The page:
The Difference between Joint Committee Prison in 1978 and Early 1970s

Compiled by: Islamic Revolution Website
Translated by: Fazel Shirzad


We had not yet left Tehran [to Qom in September 1978]. I think we had just reached Qiyam Square or Shush Square, the street was very busy and we were driving slowly. Some cars honked repeatedly. There were days when martial law was established and they did not allow several people to gather together. Our account was completely separate, with four people in one car and all wearing turbans!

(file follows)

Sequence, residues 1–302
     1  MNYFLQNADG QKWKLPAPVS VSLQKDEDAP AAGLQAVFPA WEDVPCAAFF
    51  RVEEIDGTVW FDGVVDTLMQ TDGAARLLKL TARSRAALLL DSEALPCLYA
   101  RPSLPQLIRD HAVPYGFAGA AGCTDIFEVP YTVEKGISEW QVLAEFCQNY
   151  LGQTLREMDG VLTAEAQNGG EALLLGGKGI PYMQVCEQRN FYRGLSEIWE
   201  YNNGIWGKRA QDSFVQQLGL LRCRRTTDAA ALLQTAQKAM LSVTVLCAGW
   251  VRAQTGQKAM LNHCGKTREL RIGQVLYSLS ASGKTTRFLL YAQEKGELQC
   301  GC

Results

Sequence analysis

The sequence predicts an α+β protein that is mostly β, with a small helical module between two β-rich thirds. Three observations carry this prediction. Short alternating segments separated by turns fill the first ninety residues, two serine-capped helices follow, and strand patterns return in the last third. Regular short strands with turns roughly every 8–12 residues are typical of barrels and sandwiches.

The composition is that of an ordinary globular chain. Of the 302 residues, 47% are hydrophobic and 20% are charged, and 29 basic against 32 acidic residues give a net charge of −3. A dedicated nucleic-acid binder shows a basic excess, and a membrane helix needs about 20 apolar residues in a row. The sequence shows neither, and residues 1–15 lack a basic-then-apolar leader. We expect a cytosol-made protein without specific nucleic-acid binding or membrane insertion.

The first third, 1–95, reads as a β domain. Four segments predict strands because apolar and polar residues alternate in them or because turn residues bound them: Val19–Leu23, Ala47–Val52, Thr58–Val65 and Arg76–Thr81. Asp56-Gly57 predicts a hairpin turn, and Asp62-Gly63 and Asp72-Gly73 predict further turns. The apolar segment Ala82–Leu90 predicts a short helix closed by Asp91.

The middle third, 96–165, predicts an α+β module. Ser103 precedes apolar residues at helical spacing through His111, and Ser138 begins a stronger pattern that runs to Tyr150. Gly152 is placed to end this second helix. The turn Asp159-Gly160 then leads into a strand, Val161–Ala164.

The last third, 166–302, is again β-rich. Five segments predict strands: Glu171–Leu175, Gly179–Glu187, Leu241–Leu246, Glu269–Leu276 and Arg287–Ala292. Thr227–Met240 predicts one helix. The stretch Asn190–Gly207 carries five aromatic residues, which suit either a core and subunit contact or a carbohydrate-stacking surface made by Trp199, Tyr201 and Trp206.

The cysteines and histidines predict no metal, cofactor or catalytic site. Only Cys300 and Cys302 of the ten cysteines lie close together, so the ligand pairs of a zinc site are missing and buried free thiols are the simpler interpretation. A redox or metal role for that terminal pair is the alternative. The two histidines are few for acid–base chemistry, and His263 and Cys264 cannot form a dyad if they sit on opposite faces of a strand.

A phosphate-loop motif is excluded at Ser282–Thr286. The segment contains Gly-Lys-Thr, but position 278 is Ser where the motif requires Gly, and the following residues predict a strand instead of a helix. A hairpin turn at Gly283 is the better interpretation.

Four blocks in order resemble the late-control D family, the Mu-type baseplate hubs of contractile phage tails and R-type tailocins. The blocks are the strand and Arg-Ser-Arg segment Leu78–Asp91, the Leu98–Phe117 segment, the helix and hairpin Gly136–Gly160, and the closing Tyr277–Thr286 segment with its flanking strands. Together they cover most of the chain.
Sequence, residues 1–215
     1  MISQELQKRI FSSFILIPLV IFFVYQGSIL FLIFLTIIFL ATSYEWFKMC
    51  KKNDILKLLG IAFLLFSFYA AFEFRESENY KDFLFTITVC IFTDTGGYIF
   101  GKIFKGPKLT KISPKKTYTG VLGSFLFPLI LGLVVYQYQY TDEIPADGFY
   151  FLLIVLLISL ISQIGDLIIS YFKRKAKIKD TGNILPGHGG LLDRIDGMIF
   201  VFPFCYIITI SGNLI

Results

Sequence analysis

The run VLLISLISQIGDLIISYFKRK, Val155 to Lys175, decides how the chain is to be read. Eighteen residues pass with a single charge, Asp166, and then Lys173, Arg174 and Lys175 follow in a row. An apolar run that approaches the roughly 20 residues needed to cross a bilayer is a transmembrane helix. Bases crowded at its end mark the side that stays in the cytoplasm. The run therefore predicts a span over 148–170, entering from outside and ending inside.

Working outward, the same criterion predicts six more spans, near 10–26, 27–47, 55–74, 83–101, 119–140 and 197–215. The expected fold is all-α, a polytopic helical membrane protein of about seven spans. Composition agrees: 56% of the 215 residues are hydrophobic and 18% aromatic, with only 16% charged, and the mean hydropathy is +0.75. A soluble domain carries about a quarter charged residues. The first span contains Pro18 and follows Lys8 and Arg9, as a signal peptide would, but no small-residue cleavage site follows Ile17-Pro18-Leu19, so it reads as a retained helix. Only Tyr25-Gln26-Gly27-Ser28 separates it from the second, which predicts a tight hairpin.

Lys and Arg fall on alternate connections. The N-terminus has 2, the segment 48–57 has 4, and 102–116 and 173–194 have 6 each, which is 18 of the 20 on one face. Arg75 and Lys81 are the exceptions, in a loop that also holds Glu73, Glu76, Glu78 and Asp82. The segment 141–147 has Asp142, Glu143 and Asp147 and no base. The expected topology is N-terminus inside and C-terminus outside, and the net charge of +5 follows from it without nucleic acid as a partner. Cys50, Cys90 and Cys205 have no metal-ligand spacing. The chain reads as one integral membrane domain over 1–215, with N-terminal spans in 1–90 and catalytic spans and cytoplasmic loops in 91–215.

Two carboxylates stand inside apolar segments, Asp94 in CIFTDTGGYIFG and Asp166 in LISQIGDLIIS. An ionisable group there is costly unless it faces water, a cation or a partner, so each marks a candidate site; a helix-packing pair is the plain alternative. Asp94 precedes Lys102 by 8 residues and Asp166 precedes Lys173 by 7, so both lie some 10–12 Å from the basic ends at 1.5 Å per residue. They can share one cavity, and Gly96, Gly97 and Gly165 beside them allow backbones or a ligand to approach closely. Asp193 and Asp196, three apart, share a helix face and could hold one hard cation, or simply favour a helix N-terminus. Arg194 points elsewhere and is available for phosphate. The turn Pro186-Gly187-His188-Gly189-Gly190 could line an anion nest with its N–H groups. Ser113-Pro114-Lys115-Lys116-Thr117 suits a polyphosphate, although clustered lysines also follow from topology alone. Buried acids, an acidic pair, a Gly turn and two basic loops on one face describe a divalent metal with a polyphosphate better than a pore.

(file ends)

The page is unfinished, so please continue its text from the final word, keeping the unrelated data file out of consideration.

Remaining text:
We were still in the crowd of that square and that crowd when I saw someone knocking hard on the trunk. I looked behind my head in the mirror; Thinking that a car is going from one side or the other and its driver is hitting the trunk of the car, I didn't pay attention and continued on my way. That person hit the car again repeatedly. With this incident, the friends in the car, who noticed the matter, said to me: "Sir, stop!" You have been ordered to stop. The officers are martial law" I just realized the issue. I slowly stopped the car on the side of the street and before I wanted to get out, I saw that the car was surrounded by officers. One of the officers put his pistol on my temple and yelled at me: "Why didn't you hold it? Shall I shoot an arrow in your head?" "I didn't notice you at all," I said, "I thought people were normal." In short, they took us to the police station and stopped the car, and turned the trunk and the inside of the car upside down. As we had no furniture, everything belonged to Mr. Hojjati. They found the leaflets on the sides of Mr. Hojjati's furniture. We all wondered: What is this?! The officers saw the announcement and said: "Yea, whose are the leaflets?" Now, the content of the leaflets is criticism of the Shah from beginning to end. Meanwhile, Mr. Hojjati said: "The leaflets are mine." He had not yet finished speaking when they rushed towards him so that the turban fell off his head. They arrested him and took him to the police station and told us: "Lock the car door and come to the police station." We entered the police station. We sat in a corner to see what the assignment was. Some time passed, and there was no news; We found out that our trip has been canceled and we are staying here. A friend called to have someone come and deliver the car to its owner. I don't know whether Mr. Kafashzadeh came to take the car himself or someone else, but whoever came, he also took Abdul Majid Maadikhah's son with him. Hassan was small and cried a lot. They took the child and sent us to the detention center. We were in the detention center until 9:00 p.m., and except for a short question and answer, no one had anything to do with us and we did not know our duty. After that, they put us in a car and took us to the prison of the Joint Committee. At that time, the streets were very quiet. The military regime had silenced the streets as if there was no one in the city.